7. Def Leppard – “Love Bites”
When we mentioned earlier that stuff like this sells, it’s an absolute fact. This song was released at a time when power ballad was everything. It dominated the radio stations and everyone who went to prom had to dance to at least one of these tracks.
Def Leppard’s “Love Bites” was their only single to ever top the US Billboard Hot 100. Just like Poison, when this song was brought to their attention, they didn’t know what to make of it because it wasn’t something they’ve done before and it’s not exactly “Def Leppard.”
“It was just a standard rock ballad but it had something else going for it. Lyrically, it kind of painted a picture, and in a song you always want to do that, paint a picture. ‘On a dark desert highway,’ the first line of ‘Hotel California,’ great song, it just paints an image for you straight off the bat and that’s the sign of a really good song. It takes you right there. ‘Love Bites’ did that as well.” – Def Leppard’s Phil Collen
For every band with their first power ballad, it’s always a huge risk – but these songs have proven that most of those paid off nicely.
6. Warrant – “Heaven”
Like the previous groups, this power ballad became Warrant’s most commercially successful single. The response was so overwhelming even Warrant’s own producers were surprised with its success. You see, songs like this have a certain appeal even to skeptical listeners – those who swore they don’t like ballads.
The lyrics are dramatic and emotional, something you don’t think you’ll ever hear from bad ass rockstars. But here’s Jani Lane in all his bluesy glory, singing his heart out.
“It sucks that I get labeled as a ballad writer, but I figure, if I write good ballads, then screw it, I write good ballads. I’ve never been one of those people that think if it’s not X amount heavy, that it’s not cool.” – Jani Lane
He has a good point. One great ballad is still a thousand times better than five mediocre rock songs. Just ask all these groups on this list.
5. Bon Jovi – “Always”
One of Bon Jovi’s main selling points is of course how hot JBJ is. So imagine him singing “And I will love you, baby, always / And I’ll be there forever and a day, always / I’ll be there ’til the stars don’t shine / ‘Til the heavens burst and the words don’t rhyme…” in all his sexy glory.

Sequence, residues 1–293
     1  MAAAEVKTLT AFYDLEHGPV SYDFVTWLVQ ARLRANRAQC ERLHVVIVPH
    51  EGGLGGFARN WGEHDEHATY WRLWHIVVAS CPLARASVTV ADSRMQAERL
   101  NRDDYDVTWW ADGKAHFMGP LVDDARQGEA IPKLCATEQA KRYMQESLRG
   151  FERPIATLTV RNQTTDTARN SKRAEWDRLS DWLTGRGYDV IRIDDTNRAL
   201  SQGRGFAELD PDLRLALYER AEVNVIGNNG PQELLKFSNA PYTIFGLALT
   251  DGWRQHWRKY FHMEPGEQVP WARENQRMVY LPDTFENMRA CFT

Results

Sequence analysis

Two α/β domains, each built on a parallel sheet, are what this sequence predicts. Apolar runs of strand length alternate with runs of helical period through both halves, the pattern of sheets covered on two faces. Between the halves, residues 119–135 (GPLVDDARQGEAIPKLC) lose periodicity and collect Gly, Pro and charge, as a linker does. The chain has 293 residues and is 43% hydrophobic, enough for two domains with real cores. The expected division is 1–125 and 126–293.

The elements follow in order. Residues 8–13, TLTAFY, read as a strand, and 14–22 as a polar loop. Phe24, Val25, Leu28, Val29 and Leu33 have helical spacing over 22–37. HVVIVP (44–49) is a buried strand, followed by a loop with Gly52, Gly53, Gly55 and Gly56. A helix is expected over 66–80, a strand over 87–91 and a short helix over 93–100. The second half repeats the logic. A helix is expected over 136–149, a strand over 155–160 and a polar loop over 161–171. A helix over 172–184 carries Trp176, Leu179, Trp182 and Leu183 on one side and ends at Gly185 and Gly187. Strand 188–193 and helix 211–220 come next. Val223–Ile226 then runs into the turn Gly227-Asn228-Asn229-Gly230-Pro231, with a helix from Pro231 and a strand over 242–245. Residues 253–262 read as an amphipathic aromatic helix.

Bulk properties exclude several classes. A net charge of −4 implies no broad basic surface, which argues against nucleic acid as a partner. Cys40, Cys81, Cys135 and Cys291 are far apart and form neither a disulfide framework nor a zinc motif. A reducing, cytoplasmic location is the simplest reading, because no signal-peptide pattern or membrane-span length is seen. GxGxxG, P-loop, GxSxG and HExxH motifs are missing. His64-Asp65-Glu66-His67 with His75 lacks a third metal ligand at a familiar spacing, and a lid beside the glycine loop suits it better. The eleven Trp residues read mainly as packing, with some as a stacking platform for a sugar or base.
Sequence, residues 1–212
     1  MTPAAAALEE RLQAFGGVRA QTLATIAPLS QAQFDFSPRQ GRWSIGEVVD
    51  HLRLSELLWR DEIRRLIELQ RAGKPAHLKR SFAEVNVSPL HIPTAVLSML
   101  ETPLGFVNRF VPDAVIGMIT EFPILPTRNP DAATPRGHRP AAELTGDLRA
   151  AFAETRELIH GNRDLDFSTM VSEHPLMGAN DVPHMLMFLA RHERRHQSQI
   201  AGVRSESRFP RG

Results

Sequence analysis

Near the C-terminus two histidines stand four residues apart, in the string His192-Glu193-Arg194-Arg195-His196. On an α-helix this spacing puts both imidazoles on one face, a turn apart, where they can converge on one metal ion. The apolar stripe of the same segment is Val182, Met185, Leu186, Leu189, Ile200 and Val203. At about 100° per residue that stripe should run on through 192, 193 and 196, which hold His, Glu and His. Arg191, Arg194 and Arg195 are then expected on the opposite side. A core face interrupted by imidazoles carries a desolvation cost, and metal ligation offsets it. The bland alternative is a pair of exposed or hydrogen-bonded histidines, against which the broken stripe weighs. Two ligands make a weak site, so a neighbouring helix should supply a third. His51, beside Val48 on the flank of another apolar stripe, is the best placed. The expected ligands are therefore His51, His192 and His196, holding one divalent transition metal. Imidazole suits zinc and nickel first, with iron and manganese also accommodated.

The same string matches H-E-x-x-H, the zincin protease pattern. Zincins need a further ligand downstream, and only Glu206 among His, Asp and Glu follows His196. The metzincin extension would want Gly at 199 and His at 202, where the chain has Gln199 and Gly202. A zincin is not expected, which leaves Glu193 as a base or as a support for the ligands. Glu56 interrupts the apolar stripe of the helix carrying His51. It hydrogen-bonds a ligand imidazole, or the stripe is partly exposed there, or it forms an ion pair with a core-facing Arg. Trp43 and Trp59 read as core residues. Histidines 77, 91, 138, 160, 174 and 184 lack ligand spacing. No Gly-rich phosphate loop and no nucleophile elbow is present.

It’s hyper-emotional, we know, but it’s a lovely track and a definite crowd favorite as evidenced by the numbers – more than 3 million copies sold worldwide.
“It’s a sick little twisted lyric. So many people feel it’s so romantic and so wonderful, but truthfully, this guy is practically a stalker. He’s a sick human being.” – Jon Bon Jovi
Wow, okay, somehow we didn’t think the guy’s a creep. We thought it was just him professing his strong love for the girl. Clearly, JBJ had other ideas. Still, the song sold big time and is still a classic hit.
4. Meat Loaf – “I’d Do Anything For Love”
How can we forget Meat Loaf’s epic ballad masterpiece people are still singing more than two decades after it was first released? It served as his comeback song and man, what a way to announce his arrival! It was a massive success – it topped the chart in several countries and earned platinum status.
It even gave Meat Loaf his Grammy Award for Best Rock Vocal Performance, Solo.
“It sort of is a little puzzle and I guess it goes by – but they’re all great things. ‘I won’t stop doing beautiful things and I won’t do bad things.’ It’s very noble. I’m very proud of that song because it’s very much like out of the world of Excalibur. To me, it’s like Sir Lancelot or something – very noble and chivalrous. That’s my favorite song on the record – it’s very ambitious.” – Meat Loaf